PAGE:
* TTAC elevates a reader comment telling Detroit what it has to look forward to as the Big Three become the Big One (or none). It’s not a fun subject to think about, but given Washington’s total failure to analyze and address the financial crisis, we’re all likely to know a lot of people going from good jobs to welfare.
* A collection of quotable quotes from Overcoming Bias. My personal favorites:
People want to think there is some huge conspiracy run by evil geniuses. The reality is actually much more horrifying. The people running the show aren’t evil geniuses. They are just as stupid as the rest of us.”
“Truth is not always popular, but it is always right.”
Clint’s (presumable) favorite:
“Rule of thumb: Be skeptical of things you learned before you could read. E.g., religion.”
— Ben Casnocha
* Elsewhere in the real estate industry, Home Depot will do a moderate (by today’s standards) layoff and close the Expo Design Center chain.
“Even during the housing boom, Expo never reached our financial goals,” Chairman and Chief Executive Frank Blake said during a conference call with investors.
Maybe because it was the most expensive source of house parts I’ve ever personally seen? Even in good times the base of customers who throw money out the door without a care isn’t big, and it dries up suddenly and completely when economic conditions get sporty.
* DCist expresses interest in Bombardier’s PRIMOVE tram system, which appears to use induction to power streetcars with a third rail safely out of sight under pavement. As much as I like trains and streetcars, I think hybrid buses are a better solution. You don’t have to do anything to the street to run them, so you can change or extend the route as needed. And without a doubt, they’d be cheaper to buy and operate.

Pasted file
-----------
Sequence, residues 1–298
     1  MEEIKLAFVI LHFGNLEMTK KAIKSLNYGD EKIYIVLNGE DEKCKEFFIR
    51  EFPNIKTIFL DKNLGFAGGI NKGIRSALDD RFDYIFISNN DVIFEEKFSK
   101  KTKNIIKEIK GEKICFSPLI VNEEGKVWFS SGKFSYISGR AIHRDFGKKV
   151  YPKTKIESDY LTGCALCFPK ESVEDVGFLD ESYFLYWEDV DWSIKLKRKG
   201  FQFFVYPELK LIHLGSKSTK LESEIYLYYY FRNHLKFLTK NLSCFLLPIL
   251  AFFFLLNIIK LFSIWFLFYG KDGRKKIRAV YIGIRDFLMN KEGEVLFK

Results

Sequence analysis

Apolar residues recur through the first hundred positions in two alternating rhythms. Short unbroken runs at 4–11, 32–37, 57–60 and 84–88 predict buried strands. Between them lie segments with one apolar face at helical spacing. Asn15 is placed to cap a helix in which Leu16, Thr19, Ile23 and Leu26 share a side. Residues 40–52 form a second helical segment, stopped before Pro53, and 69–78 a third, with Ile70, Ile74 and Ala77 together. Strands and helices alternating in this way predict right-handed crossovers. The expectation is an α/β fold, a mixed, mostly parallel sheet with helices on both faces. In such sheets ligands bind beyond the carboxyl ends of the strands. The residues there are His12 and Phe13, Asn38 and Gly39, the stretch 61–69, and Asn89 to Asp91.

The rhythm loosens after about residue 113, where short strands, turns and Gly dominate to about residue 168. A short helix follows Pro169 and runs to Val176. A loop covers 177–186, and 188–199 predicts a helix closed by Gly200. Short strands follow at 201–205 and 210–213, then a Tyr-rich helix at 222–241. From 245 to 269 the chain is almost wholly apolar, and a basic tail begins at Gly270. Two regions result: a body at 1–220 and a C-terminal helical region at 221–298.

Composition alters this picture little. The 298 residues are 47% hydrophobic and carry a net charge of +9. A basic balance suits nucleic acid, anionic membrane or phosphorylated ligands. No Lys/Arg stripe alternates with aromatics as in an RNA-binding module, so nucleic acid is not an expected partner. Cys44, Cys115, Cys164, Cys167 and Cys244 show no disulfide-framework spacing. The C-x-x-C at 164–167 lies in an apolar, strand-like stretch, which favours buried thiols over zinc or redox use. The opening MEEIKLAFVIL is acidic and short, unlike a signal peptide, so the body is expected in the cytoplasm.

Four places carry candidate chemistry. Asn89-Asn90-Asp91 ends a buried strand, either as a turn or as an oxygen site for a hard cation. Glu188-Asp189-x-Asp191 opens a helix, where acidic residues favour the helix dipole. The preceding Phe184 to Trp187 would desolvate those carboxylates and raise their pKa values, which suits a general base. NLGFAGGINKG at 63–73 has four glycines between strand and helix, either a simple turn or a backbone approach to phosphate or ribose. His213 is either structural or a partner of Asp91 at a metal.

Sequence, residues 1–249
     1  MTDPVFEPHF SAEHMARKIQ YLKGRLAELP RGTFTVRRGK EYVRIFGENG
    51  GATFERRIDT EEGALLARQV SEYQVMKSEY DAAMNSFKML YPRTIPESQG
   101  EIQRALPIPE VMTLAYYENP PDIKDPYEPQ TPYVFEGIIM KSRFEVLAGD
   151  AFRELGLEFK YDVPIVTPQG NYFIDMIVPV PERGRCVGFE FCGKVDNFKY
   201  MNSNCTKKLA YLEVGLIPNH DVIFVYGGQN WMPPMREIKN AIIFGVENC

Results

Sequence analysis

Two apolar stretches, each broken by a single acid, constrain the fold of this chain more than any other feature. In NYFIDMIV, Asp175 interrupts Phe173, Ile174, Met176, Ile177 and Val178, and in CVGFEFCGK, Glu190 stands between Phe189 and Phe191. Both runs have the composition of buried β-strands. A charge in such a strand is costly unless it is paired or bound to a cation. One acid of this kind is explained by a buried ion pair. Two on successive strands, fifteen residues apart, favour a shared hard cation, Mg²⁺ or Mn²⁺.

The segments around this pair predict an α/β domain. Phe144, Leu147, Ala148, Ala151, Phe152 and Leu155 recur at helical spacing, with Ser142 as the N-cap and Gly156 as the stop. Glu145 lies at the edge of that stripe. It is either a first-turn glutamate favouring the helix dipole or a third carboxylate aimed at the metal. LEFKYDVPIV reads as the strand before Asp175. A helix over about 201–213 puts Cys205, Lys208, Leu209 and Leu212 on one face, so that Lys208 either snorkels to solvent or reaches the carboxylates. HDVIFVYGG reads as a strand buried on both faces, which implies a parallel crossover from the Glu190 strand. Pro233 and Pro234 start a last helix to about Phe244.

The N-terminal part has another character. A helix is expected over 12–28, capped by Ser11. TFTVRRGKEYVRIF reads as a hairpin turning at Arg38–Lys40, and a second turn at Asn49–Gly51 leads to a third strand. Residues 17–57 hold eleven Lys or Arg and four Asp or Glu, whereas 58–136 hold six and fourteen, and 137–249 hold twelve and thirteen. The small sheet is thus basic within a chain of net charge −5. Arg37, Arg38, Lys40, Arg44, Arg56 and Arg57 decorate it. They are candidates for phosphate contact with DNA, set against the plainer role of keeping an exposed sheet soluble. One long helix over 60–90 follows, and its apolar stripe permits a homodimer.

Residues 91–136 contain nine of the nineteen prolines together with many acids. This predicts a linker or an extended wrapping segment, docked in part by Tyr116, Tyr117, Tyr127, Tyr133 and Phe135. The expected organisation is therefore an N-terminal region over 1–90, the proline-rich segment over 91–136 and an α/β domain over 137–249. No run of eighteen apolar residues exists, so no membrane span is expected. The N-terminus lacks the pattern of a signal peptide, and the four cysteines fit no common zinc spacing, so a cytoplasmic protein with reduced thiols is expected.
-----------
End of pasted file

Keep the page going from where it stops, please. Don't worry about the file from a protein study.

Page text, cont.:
* And speaking of total government failure, I’m boldly predicting that California will be the first state ever to go into receivership. Why? Surprisingly, direct democracy is a big culprit – certain spending programs and tax caps have been taken out of the legislature’s hands by various referenda over the years, leaving limited options for cost-cutting. Though, not quite as limited as this…
Eliminate Inspection and Maintenance Review Committee — This would result in saving of up to $165,000.
Eliminate Bureau of Naturopathic Medicine — This elimination would result in a savings of up to $130,000.
Eliminate Telephone Medical Advice Services Bureau — This elimination would result in a savings of up to $157,000.
Saving the best for last, here are three items that made me roll my eyes today.
* David Zaring at The Conglomerate reluctantly suggests that we may see nationalization of some major banks soon. I’m afraid he might be right, but it’s amusing that he seems to reach that conclusion partly by sharing Washington’s myopia on the subject:
rumors swirl that BofA and Citibank (which would leave just one do-everthing bank left in the US: JPMorgan, depending on how you feel about Wells Fargo) are both headed for conservatorship
Just one bank? I’ve had a good run as a business customer of
First Union Wachovia Wells Fargo, but it’s hardly the only game in town. Here in Northern Virginia we also have – to name a few – Chevy Chase, BB&T and Community Bank, all of which managed to identify and sidestep the subprime mortgage trap.
* But that’s nothing compared to Richard Lambert of the Financial Times, piously lecturing us on the absolute necessity of more and more band-aid bailouts. Here’s a thought – how about “nationalizing” the subprime mortgages that are causing the credit freeze for a fraction of what all these bailouts are going to cost – hell, are already costing. Anyone? Bueller?